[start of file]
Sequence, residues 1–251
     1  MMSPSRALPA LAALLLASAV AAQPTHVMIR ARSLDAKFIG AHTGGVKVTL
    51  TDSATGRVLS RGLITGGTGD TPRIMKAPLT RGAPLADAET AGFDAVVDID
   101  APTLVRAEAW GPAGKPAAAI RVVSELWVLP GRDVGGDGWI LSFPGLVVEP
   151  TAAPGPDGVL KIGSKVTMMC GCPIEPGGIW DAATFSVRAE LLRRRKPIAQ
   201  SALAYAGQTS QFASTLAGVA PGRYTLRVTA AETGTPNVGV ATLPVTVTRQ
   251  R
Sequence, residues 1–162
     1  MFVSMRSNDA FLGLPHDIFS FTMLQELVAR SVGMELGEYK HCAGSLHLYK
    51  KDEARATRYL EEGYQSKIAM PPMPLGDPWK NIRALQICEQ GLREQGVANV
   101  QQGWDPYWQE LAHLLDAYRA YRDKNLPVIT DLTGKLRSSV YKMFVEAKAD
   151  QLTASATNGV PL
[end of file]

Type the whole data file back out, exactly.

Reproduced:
Sequence, residues 1–251
     1  MMSPSRALPA LAALLLASAV AAQPTHVMIR ARSLDAKFIG AHTGGVKVTL
    51  TDSATGRVLS RGLITGGTGD TPRIMKAPLT RGAPLADAET AGFDAVVDID
   101  APTLVRAEAW GPAGKPAAAI RVVSELWVLP GRDVGGDGWI LSFPGLVVEP
   151  TAAPGPDGVL KIGSKVTMMC GCPIEPGGIW DAATFSVRAE LLRRRKPIAQ
   201  SALAYAGQTS QFASTLAGVA PGRYTLRVTA AETGTPNVGV ATLPVTVTRQ
   251  R
Sequence, residues 1–162
     1  MFVSMRSNDA FLGLPHDIFS FTMLQELVAR SVGMELGEYK HCAGSLHLYK
    51  KDEARATRYL EEGYQSKIAM PPMPLGDPWK NIRALQICEQ GLREQGVANV
   101  QQGWDPYWQE LAHLLDAYRA YRDKNLPVIT DLTGKLRSSV YKMFVEAKAD
   151  QLTASATNGV PL